Pax

Pax and Peter have been inseparable ever since Peter rescued him as a kit. But one day, the unimaginable happens: Peter’s dad enlists in the military and makes him return the fox to the wild.

At his grandfather’s house, three hundred miles away from home, Peter knows he isn’t where he should be – with Pax. He strikes out on his own despite the encroaching war, spurred by love, loyalty, and grief, to be reunited with his fox. Meanwhile Pax, steadfastly waiting for his boy, embarks on adventures and discoveries of his own.

This small book packs a huge emotional wallop. The friendship between Pax and Peter goes beyond pet and owner; they know they belong together. The book also tackles the subject of war and its atrocities in a not-so subtle way, but without coming across as pedantic.

I didn’t like the main basis of the plot. Having Peter’s father make him put Pax back into the wild doesn’t make much sense to me. There were other ways the author could have separated the two, but that is my only quibble with the novel. My heart broke at that scene and I rooted for them to find each other the entire novel. I enjoyed seeing Pax meet up with other foxes and learn what it’s like to live in the wild. Pax definitely comes into his own helping the other foxes. He discovers his true fox side and it’s a delight to see. Peter also grows as he goes in search of his friend.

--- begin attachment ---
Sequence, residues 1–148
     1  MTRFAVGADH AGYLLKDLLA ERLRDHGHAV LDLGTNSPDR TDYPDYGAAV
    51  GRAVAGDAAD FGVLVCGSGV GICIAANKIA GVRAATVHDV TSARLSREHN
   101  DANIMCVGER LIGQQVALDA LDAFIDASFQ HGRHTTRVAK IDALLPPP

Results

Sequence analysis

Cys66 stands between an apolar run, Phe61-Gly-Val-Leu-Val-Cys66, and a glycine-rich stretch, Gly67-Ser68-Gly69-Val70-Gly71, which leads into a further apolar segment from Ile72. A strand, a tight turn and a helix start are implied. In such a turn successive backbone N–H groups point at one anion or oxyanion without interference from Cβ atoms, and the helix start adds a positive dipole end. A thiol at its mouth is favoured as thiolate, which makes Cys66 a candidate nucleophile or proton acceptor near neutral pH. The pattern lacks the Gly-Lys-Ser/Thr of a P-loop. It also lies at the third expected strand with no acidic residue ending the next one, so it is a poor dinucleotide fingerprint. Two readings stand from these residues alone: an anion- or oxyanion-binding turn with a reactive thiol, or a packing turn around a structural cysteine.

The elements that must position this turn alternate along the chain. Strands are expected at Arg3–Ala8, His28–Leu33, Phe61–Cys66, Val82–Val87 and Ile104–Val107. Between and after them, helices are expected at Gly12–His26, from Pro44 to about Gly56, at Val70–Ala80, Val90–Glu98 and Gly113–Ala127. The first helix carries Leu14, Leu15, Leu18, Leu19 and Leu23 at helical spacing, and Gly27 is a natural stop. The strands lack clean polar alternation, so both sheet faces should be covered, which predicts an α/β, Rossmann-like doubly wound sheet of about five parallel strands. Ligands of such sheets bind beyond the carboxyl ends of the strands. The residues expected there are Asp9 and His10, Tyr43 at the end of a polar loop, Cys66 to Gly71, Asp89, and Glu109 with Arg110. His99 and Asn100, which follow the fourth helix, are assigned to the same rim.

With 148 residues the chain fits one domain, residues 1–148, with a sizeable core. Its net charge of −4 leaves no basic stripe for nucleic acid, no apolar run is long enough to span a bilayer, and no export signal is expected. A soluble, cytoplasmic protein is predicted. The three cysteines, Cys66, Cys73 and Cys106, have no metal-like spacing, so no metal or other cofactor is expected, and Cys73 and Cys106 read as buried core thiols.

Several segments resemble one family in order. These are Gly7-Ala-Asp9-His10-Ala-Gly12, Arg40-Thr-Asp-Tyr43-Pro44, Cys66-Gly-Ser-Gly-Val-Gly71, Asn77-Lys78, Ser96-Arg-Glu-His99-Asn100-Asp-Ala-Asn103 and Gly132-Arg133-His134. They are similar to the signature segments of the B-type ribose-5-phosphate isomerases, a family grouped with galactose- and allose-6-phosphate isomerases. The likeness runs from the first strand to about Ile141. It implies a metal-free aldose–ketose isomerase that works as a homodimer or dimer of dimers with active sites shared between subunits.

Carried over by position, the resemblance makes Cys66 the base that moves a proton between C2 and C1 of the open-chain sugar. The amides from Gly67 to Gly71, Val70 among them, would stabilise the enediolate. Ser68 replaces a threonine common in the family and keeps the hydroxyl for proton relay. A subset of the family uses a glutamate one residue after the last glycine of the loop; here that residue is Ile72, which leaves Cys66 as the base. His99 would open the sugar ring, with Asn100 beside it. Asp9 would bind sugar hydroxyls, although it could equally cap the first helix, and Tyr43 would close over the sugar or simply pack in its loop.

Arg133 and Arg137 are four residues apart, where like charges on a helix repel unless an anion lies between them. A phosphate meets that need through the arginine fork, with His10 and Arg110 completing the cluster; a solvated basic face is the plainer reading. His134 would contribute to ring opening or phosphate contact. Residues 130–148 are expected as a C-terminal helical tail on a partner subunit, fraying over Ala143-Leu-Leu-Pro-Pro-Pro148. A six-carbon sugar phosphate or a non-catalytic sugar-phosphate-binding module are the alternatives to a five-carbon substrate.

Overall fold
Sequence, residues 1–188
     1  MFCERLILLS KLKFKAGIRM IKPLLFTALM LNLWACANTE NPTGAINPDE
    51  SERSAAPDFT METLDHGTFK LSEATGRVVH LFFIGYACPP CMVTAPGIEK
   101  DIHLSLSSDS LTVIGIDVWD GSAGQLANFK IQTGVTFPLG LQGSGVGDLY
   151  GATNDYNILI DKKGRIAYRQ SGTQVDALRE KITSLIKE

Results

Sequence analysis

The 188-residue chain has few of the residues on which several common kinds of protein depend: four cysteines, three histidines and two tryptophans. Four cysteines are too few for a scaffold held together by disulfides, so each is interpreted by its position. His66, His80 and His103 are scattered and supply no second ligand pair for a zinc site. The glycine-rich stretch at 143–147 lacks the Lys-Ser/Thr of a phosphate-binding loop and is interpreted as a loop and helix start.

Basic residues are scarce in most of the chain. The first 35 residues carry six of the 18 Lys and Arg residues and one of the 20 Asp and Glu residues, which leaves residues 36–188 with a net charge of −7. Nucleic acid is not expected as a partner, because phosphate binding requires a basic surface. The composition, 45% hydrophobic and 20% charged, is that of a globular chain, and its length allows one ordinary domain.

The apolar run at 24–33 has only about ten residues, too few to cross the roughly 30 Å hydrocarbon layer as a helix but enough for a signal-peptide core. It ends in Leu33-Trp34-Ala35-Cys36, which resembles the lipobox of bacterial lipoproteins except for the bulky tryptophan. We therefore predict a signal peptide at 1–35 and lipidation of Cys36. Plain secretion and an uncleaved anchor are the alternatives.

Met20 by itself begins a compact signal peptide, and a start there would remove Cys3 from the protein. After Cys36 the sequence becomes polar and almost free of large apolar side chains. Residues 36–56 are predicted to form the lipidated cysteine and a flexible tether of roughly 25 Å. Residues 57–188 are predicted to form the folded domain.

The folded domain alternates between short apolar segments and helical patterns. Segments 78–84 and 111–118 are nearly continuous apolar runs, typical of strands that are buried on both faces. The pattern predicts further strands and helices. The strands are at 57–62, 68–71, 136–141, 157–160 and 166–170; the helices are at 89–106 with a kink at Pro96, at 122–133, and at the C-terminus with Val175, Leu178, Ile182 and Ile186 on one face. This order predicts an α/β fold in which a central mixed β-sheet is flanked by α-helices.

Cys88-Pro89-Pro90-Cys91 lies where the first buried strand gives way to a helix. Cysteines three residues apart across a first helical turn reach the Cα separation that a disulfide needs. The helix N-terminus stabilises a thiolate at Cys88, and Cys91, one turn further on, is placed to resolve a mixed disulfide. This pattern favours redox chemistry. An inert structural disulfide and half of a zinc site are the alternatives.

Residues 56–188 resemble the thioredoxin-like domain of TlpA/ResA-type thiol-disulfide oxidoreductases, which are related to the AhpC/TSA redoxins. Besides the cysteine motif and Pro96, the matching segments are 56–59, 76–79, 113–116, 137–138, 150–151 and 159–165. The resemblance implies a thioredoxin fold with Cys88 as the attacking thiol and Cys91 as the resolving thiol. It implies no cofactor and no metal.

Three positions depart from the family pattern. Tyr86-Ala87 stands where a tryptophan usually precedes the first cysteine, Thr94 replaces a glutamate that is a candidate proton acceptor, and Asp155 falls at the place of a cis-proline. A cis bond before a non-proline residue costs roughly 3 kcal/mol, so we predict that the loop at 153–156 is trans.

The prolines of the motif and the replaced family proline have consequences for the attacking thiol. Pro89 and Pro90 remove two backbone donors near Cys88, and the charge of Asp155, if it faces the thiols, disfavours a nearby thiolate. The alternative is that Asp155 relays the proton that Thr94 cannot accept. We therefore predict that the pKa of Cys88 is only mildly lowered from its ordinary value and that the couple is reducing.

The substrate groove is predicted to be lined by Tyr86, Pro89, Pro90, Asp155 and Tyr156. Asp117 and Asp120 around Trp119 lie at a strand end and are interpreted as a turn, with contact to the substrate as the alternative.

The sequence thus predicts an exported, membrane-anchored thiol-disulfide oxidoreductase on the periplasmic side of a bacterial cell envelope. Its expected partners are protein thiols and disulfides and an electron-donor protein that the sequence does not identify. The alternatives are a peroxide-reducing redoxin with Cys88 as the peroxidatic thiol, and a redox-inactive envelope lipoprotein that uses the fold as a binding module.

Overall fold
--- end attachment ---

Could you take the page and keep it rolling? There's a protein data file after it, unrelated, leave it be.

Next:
I don’t want to spoil the end, but it was definitely bittersweet.

Rating: 4/5

Books That Impacted Me

I may not remember the plots perfectly, but these books have stayed with me in some form or another. There is no specific order to these, they are listed as I remember them.